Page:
The D'oh!moment: Completely obvious homemaking tips that have, in fact, proved revelatory

(522 Posts)
ChicHeroine Tue 12-Mar-13 21:34:36

Message withdrawn at poster's request.

bran Tue 12-Mar-13 21:44:26

Message withdrawn at poster's request.

MrsHende Tue 12-Mar-13 21:46:29

I LOVE the bedding set in the pillowcase idea - I learned that one here on good old MN.

Another tip is Oven Pride. Amazing.

If you use stock cubes (I do!) I always used to make the stock up in a jug then add it to the stew or curry or whatever, then one day I thought doh! Why don't I crumble the cube into the stew and then add the water, no dirty jug to wash and it works!

MousyMouse Tue 12-Mar-13 22:02:12

putting washing powder directly into the drum.
no more manky drawer!

Bonsoir Wed 13-Mar-13 06:53:51

Organising your house by function. Think about how you actually do things before allocating storage, installing machines etc. Eg I changed my kitchen cupboards so that all the tea and coffee, and the tea and coffee cups, were right above the counter where the coffee machine and kettle are. I put the cereal and the cereal bowls in the same cupboard. Etc. That way people making breakfast for themselves don't have to open lots of different cupboards and move around the kitchen. I regularly change my cupboard/drawer allocations to optimise.

BigRedBox Wed 13-Mar-13 07:02:44

Having different baskets for different colours of washing. I used to have baskets per person then have to sort it out each time. Now I have 3 baskets for darks, brights, and whites. When one is full I do done washing. I cannot believe how long it took me to realise this.

MrsJamin Wed 13-Mar-13 07:06:11

Love the pillowcase idea! Going to be moving house in 5 weeks so am going to need new organisation tips. I actually think I might make a big diagram of all the things in the kitchen and what needs to be near what to optimise the use of the space! <need to get a life emoticon>

Love the three baskets for laundry.

Here's one. When you're cleaning kitchen bathroom etc. Spray where-ever you're cleaning - countertop for example. Then go away, make a cup of tea, put your feet up or do a bit of tidying. Go back after about 10 minutes and wipe. No scrubbing, no respraying. Cleaner has done all the work while it was sitting there. Blindingly obvious? yes but it took me years to work it out.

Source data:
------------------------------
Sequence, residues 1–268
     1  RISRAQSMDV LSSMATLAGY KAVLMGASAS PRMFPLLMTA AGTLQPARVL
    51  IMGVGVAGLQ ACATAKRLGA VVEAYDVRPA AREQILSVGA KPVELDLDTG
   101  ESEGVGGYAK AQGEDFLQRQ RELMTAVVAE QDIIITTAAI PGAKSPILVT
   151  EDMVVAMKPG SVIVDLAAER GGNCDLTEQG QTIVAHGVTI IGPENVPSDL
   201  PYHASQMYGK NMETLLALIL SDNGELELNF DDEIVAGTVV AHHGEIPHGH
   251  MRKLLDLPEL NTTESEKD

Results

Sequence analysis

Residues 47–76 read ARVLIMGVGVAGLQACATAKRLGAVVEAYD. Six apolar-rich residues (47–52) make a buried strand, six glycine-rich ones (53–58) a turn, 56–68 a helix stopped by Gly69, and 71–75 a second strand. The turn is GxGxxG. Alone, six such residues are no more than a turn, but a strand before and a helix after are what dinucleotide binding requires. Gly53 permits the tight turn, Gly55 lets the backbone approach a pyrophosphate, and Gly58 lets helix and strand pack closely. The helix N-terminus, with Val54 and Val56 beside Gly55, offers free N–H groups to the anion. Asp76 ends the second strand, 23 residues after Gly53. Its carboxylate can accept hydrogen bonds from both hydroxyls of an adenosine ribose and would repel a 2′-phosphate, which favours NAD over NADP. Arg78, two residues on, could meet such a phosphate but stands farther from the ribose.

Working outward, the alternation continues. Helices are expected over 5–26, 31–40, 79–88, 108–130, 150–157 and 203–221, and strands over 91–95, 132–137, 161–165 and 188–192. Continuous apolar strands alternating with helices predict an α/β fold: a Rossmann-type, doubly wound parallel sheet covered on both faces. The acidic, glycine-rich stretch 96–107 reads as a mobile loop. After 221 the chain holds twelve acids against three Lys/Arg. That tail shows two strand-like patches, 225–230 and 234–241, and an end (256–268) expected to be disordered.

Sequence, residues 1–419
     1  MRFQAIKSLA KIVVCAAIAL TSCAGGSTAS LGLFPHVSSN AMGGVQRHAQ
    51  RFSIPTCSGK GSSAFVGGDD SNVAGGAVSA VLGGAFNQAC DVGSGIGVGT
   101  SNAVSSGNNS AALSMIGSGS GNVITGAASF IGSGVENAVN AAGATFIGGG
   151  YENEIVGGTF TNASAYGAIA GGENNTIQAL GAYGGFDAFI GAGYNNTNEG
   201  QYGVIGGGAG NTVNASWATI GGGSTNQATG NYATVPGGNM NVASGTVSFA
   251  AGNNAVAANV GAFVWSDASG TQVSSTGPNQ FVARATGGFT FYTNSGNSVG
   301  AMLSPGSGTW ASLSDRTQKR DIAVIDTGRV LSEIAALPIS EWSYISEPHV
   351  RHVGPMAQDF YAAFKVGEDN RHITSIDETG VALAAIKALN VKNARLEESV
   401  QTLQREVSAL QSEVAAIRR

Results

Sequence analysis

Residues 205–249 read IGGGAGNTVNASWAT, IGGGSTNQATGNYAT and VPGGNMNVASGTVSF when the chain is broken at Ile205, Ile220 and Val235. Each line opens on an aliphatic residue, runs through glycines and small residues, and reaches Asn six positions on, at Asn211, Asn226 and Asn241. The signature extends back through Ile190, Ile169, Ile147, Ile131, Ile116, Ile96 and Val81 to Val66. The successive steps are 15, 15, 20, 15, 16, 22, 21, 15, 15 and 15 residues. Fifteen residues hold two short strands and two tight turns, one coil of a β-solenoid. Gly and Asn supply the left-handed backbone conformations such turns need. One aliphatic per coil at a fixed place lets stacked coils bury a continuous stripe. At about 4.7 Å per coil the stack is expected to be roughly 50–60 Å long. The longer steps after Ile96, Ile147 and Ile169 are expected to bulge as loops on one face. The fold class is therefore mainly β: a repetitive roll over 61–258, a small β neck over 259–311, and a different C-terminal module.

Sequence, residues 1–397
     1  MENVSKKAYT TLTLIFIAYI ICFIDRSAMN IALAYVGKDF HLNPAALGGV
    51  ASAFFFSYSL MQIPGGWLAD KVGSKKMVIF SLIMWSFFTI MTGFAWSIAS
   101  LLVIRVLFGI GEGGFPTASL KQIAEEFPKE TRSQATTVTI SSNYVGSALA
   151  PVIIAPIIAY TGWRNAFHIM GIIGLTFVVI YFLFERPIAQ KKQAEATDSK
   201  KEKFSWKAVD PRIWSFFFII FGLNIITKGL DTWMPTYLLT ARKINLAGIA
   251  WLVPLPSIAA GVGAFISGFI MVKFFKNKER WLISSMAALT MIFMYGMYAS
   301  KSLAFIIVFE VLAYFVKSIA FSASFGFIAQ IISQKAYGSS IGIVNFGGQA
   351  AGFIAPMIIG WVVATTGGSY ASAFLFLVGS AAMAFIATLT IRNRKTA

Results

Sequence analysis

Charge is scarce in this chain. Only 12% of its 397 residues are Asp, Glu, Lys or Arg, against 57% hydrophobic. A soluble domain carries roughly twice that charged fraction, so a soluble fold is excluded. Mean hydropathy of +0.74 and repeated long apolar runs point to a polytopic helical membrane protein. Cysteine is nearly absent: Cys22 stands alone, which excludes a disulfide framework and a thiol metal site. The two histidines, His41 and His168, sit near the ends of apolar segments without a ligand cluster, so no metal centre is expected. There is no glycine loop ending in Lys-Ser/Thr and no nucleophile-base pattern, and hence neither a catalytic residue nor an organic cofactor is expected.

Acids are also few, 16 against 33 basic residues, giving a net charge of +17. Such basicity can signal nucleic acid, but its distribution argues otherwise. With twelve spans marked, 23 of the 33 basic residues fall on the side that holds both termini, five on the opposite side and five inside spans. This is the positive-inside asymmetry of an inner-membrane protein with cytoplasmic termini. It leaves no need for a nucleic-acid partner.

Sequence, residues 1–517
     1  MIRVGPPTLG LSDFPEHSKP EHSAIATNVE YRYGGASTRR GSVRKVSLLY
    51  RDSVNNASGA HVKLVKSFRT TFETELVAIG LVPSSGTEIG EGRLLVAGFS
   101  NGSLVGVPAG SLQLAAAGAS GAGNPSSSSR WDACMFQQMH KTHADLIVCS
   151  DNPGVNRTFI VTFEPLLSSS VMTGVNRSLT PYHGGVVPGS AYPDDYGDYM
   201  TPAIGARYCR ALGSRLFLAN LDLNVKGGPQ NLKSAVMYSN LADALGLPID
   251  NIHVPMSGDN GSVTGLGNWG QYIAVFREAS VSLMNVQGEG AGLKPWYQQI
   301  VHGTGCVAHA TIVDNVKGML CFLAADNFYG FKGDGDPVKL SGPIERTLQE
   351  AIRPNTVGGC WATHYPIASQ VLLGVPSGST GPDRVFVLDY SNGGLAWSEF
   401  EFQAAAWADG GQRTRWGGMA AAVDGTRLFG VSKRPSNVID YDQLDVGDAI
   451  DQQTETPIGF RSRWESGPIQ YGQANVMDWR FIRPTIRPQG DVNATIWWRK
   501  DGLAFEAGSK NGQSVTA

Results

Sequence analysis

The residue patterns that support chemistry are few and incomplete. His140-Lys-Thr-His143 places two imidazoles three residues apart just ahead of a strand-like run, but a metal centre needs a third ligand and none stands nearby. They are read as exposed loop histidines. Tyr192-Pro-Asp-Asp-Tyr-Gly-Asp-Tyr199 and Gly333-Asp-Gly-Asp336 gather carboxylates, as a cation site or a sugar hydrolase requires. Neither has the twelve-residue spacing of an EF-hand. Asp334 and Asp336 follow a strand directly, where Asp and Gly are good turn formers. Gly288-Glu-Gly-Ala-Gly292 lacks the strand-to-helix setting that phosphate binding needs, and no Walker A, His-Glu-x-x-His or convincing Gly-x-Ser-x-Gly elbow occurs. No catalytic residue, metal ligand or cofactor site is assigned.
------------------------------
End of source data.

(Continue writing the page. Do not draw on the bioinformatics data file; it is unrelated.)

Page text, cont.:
MrsJamin Wed 13-Mar-13 07:12:26

See, I always do the spray first then leave thing! You can get most stains up just by spraying water and leaving some time, then go back with a microfibre cloth.

Use disposable foil containers for lasagne, shepherds pie, fish pie, even roasts etc and just bin them when you're done - no washing up.

MrsJamin Wed 13-Mar-13 07:16:58

yes, very eco-friendly tip butterflies hmm

NormaStanleyFletcher Wed 13-Mar-13 07:18:45

Am watching with interest

baskingseals Wed 13-Mar-13 07:24:09

cutting up food with scissors for small children.

sausages, pizza, chicken - anything really. does save time.

reading these tips with interest. specially like the 3 washing baskets idea, but where do you keep them?

Flisspaps Wed 13-Mar-13 07:34:45

Lots of fabulous tips on this thread and this thread grin

BigRedBox Wed 13-Mar-13 08:48:30

I have 3 like this
I keep them in my bedroom. They're really light for carting around as well. I'm considering moving to a 4 basket system for darks, brights, lights and whites. I seriously need a job grin

CuttedUpPear Wed 13-Mar-13 08:53:13

butterflies that's terrible. Do you not realise that the world is running low on resources?
I hope that you recycle all these containers.

Ok fair point and I do recycle, but how is a tinfoil tray a week worse than kitchen roll at the bottom of lunch boxes every day?

And what happened to no judgement allowed?

Bonsoir Wed 13-Mar-13 09:38:09

Tinfoil is aluminium and ought never to be used as a cooking utensil - very bad for your health smile

ThisIsMummyPig Wed 13-Mar-13 09:39:04

paper grows on trees, so is ultimately replacable. Tin foil is made from aluminum, which has to be mined, which is generally bad for the environment.

If you were recycling them, then surely you would have to wash them up anyway?

I consider my wrist slapped - thank you

RooneyMara Wed 13-Mar-13 09:50:37

This one crept up on me through sheer laziness but similar to the worktop one, if you leave your dishes and plates and cutlery in the sink with water in them overnight, or just for an hour, then wash them, all they need is a quick going over with a sponge and WUL and then a quick rinse. Most of the stuck on stuff just comes off with water and a bit of time.

Also I was veggie for so long and couldn't be bothered to cook meat for years after that, that I never realised how AWFUL it is tryign to wash up after cooking meat.

The amount of fat from say sausages in a baking tray is dreadful. I can't imagine what that does to our bodies.

So go as veggie as possible and you'll have a lot easier washing up smile

RooneyMara Wed 13-Mar-13 09:51:54

oh and always put the washing up liquid directly onto the sponge, not into the water. Wash everything, then rinse it all at once.

notcitrus Wed 13-Mar-13 09:52:30

Manky kitchen roll helps the compost balance all the old slimy veg.

My revelation thanks to MN is that if you have stubborn limescale in the toilet, scoop out most of the water first, making your stuff to dissolve it much more concentrated and more effective. Obvious, but finally I've got rid of brown stained limescale that bottles of stuff over 7 years havent dented.

Chigley1 Wed 13-Mar-13 09:53:25

At the age of 40, just had revelation that if you group all cutlery when you put it into the dishwasher it saves a lot of time when removing it.

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